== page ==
Dallas, TX (Law Firm Newswire) November 23, 2011 – The Texas Department of Aging and Disability Services has increased the state’s daily average private-pay rate for nursing home care, which affects the transfer of assets divisor for the Medicaid penalty period. The new rate of $142.92 is used to calculate transfer penalties for individuals requesting Medicaid services who have transferred assets for less than fair market value within five years of applying for Medicaid assistance. The new rate is effective for all persons with case actions starting September 1, 2011.
“Transfers of assets play a big role in your Medicaid benefits,” said Dallas elder law attorney John Hale of The Hale Law Firm, P.C. “For example, if you disclaim an inheritance, give away a car, money, or other property, or even sell a home for less than its tax appraised value to move into a nursing home, you could be penalized and have to come up with the monies for your care. Even though you may be otherwise eligible for Medicaid, no benefits will be paid until the transfer penalty period expires. This can produce devastating results, so any big events like this should be planned beforehand with legal guidance.”
The Medicaid transfer penalty period affects individuals in state-supported nursing homes and long-term care facilities as well as those that have home or community-based waiver services who have given away or sold property for less than fair value. The penalty period is calculated by dividing the amount transferred for less than fair value by the penalty divisor of $142.92, which represents the average daily private-pay rate. For example, if a person disclaimed an inheritance of $20,000 within five years of applying for Medicaid benefits, this would produce, a 139 day penalty period as the calculation is rounded down.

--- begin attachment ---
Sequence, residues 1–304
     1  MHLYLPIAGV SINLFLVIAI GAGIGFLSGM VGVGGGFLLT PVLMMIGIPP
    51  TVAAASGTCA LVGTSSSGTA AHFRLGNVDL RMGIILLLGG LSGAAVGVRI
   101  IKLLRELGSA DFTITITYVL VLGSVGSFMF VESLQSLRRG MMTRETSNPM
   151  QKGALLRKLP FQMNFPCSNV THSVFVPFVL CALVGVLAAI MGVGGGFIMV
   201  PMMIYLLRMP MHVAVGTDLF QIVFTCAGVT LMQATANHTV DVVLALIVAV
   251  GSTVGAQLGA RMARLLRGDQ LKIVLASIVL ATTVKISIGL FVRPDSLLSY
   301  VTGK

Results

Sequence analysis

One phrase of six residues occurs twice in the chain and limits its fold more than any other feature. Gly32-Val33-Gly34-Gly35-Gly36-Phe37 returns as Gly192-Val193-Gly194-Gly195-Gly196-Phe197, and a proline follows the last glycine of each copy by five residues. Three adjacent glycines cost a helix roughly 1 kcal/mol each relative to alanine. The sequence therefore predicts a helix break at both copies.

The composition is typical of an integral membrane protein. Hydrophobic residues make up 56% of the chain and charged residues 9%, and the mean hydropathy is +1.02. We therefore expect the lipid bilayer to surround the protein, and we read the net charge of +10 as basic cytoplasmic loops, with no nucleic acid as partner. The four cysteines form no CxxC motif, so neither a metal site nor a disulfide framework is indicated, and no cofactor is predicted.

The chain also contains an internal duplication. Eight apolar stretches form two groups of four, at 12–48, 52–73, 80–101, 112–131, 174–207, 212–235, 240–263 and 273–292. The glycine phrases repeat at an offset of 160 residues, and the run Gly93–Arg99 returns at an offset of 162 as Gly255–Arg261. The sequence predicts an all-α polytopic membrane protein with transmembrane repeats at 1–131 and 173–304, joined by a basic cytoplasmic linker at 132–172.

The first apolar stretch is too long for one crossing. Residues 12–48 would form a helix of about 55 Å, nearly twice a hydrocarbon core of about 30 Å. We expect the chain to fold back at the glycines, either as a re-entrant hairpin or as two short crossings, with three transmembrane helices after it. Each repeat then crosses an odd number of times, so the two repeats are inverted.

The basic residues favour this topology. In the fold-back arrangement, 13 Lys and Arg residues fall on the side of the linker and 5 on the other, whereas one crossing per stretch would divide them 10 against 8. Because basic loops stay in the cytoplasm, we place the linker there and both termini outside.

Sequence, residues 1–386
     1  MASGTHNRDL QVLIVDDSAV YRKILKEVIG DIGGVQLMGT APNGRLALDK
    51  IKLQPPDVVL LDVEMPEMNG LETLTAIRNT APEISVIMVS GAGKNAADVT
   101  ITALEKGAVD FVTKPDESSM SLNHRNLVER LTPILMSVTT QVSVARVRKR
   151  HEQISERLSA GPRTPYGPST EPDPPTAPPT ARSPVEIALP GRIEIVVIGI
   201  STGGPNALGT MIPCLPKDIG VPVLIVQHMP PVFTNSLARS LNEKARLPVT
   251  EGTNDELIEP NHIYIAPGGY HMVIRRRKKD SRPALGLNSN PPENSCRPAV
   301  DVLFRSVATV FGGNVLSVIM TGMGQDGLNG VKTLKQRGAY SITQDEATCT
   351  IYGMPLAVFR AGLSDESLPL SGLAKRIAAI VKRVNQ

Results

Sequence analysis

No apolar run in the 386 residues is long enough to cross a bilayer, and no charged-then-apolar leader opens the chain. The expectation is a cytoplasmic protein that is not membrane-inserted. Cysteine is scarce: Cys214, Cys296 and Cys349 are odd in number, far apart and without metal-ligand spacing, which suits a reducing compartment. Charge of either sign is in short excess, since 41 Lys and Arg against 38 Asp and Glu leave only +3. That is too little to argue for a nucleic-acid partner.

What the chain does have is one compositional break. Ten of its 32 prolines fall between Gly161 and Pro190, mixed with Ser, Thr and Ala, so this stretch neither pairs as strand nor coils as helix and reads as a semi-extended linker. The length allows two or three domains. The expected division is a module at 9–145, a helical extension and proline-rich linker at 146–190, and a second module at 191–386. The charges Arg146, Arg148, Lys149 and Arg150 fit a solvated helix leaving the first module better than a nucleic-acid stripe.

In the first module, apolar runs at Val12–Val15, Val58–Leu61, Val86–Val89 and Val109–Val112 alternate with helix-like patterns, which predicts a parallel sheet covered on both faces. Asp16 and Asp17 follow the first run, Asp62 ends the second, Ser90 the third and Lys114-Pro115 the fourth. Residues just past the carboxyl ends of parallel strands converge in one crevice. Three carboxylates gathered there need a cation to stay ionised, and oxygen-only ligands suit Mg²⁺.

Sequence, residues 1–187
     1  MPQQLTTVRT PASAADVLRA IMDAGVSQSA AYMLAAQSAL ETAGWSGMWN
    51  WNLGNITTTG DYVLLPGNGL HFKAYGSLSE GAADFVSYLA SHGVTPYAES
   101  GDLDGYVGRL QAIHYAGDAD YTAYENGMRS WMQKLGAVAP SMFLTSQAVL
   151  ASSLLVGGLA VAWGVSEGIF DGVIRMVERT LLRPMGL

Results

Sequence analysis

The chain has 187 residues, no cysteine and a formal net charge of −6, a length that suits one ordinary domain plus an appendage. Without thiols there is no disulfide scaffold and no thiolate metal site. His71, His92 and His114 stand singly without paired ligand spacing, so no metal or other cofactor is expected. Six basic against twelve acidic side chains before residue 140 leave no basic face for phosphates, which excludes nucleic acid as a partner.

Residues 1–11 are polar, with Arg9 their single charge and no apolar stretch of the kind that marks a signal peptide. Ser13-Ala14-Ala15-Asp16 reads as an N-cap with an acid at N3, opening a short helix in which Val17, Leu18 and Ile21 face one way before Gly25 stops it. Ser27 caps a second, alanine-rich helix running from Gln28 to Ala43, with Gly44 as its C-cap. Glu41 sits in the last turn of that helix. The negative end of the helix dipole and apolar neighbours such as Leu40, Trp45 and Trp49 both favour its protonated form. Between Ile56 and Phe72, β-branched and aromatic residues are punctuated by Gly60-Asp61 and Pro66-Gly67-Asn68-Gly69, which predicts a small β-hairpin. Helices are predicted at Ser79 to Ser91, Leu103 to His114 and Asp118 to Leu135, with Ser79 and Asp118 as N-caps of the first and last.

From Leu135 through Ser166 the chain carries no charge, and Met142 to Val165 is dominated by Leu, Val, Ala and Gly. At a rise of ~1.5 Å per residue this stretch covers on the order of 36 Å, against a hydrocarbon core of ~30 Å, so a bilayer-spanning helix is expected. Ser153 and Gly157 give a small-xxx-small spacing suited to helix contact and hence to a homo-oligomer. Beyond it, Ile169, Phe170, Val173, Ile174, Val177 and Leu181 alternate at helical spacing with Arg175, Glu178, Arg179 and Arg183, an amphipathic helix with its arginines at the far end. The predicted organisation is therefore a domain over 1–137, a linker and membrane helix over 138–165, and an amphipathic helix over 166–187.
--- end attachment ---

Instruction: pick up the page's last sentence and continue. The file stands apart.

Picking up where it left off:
“If a transfer penalty is imposed, the question then becomes how a Medicaid recipient can afford to pay for long-term care,” said Hale. “There are important exceptions to the transfer penalty rules; however, the Medicaid recipient has the burden of proving that the exception applies.”
The penalty start date does not begin until the first day of the month in which all eligibility requirements have been satisfied. In instances where overlapping transfers have occurred since Sept. 1 of this year, the transfers are combined and divided by the same daily rate. Later transfers will not relate back to the date of the initial transfer for purposes of applying the five-year look back rule.
“These penalties carry big consequences beyond the financial ones,” said Hale. “Family disputes can erupt as children debate who should pay for mom’s nursing home care. Unless a transferred asset is returned, the penalty period can be devastating to you and your family.”
Individuals and their loved ones should consult a skilled Dallas elder law attorney to adequately plan for their long-term care, preserve access to government benefits and protect their assets. To learn more about the Dallas elder law firm and Dallas estate planning, call 972.351.0000 or visit http://www.thehalelawfirm.com/.
The Hale Law Firm
100 Executive Court, Suite 3
Waxahachie, TX 75165